The measurement of infrared chemiluminescence of the nascent CO2 molecules desorbed in molecular-beam surface reactions has been made to study the dynamics of HCOOH decomposition and HCOOH oxidation on metal surfaces (Pt, Ni). The formation of CO2 in CO oxidation is a bimolecular process (i.e., the LH type reaction between CO(ad) and O(ad)), and vibrationally and rotationally excited CO2 molecules are desorbed from the metal surfaces. In contrast, the CO2 molecules produced by HCOOH decomposition on Pt(or Ni) are not so much excited as those by CO oxidation. The CO2 is formed via decomposition of HC00(ad) (a unimolecular process) with the internal energy distributions as being in equilibrium with the surface temperature. The CO2 formed by HCOOH oxidation (HCOOH+O2 reaction) on the Ni surface is not excited, indicating that the dynamics of the CO2 formation is similar to that of the HCOOH decomposition. On the Pt surface, however, the CO2 is excited substantially, that is, the vibrational and rotational states of the CO2 formed by the HCOOH+O2 reaction are quite similar to those of the CO2 formed by CO oxidation. This finding suggests that the final step of the CO2 formation in the HCOOH oxidation on Pt comprises the bimolecular reaction between CO(ad) and O(ad). The difference in the internal energy distributions of the nascent CO2 can provide us with new information on the dynamics of catalytic reactions.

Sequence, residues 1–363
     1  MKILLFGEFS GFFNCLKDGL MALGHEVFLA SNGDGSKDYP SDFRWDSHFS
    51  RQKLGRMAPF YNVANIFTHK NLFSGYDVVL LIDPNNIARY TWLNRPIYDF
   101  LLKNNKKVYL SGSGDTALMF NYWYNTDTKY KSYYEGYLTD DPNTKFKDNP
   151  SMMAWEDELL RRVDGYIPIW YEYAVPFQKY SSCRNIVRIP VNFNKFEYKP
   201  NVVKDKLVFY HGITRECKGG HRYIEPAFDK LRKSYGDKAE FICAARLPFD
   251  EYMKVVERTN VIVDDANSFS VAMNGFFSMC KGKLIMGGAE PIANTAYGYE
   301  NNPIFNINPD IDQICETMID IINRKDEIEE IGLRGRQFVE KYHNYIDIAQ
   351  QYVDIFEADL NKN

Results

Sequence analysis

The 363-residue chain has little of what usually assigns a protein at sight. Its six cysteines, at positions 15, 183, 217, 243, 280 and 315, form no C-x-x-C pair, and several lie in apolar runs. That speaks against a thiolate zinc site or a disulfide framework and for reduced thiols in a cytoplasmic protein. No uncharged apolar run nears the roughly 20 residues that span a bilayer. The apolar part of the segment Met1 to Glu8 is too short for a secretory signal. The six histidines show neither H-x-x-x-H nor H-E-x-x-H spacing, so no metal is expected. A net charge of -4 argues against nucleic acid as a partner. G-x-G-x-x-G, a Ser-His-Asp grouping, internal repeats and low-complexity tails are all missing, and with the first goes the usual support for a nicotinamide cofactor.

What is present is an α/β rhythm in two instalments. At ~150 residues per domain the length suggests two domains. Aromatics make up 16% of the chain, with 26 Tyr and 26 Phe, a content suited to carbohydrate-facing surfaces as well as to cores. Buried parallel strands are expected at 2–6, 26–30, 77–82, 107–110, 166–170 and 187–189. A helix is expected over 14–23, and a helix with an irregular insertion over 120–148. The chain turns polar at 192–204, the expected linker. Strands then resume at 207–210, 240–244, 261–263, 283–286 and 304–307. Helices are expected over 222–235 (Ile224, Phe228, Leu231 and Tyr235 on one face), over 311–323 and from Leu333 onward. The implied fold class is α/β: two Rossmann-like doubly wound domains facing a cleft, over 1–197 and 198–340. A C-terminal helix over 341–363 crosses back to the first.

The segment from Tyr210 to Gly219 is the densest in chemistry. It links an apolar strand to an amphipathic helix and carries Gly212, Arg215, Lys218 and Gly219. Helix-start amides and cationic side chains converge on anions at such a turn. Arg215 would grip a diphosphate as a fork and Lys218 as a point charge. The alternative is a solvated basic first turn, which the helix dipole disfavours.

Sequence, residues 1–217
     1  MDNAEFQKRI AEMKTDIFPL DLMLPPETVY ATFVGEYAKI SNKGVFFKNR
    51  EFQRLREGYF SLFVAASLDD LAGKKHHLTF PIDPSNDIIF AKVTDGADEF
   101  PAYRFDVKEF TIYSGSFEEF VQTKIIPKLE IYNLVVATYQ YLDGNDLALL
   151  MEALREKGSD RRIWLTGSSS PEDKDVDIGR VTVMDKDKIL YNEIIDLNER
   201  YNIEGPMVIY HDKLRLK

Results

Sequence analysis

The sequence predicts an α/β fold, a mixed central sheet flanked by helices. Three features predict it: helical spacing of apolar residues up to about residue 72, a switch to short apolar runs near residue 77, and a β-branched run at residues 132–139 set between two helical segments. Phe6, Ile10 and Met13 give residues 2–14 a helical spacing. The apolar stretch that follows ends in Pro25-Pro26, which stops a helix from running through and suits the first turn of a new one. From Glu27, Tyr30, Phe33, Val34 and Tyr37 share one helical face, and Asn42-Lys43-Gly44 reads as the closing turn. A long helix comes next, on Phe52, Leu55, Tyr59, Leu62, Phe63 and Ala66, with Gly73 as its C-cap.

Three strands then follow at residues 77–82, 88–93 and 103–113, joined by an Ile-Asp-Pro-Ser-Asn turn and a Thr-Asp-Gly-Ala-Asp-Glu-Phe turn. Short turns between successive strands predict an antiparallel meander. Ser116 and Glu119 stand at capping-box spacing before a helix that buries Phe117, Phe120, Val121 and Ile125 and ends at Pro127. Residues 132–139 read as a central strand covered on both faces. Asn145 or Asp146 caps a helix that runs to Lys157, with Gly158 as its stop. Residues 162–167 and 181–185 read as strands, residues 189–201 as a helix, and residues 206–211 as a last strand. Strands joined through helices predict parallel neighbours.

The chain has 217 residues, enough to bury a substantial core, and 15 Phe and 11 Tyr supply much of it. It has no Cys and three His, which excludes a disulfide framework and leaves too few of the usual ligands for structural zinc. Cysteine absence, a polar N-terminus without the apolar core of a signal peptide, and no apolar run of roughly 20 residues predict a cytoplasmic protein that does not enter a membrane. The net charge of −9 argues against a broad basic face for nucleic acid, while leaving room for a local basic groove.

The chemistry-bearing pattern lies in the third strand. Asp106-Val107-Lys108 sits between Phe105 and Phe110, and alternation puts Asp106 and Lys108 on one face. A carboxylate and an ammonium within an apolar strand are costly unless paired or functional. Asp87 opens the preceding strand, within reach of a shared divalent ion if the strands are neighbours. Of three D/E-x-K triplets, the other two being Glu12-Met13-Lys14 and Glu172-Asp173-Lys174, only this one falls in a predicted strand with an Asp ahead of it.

A method to estimate the differences in binding energy among surface atoms at crystallographically different sites is presented. Single Si adatoms can be extracted from the Si(111)7×7 surface using a scanning tunneling microscope (STM). In such experiments, center Si adatoms are extracted with a larger probability than corner Si adatoms, by a factor of 1.6. This difference shows that the binding energy of the center Si adatom is smaller than that of the corner Si adatom by about 0.01eV. Empirical calculations using a cluster model of the Si(111)7×7 structure are performed, and the calculated results agree with an experimental finding that the center Si adatoms are extracted more frequently.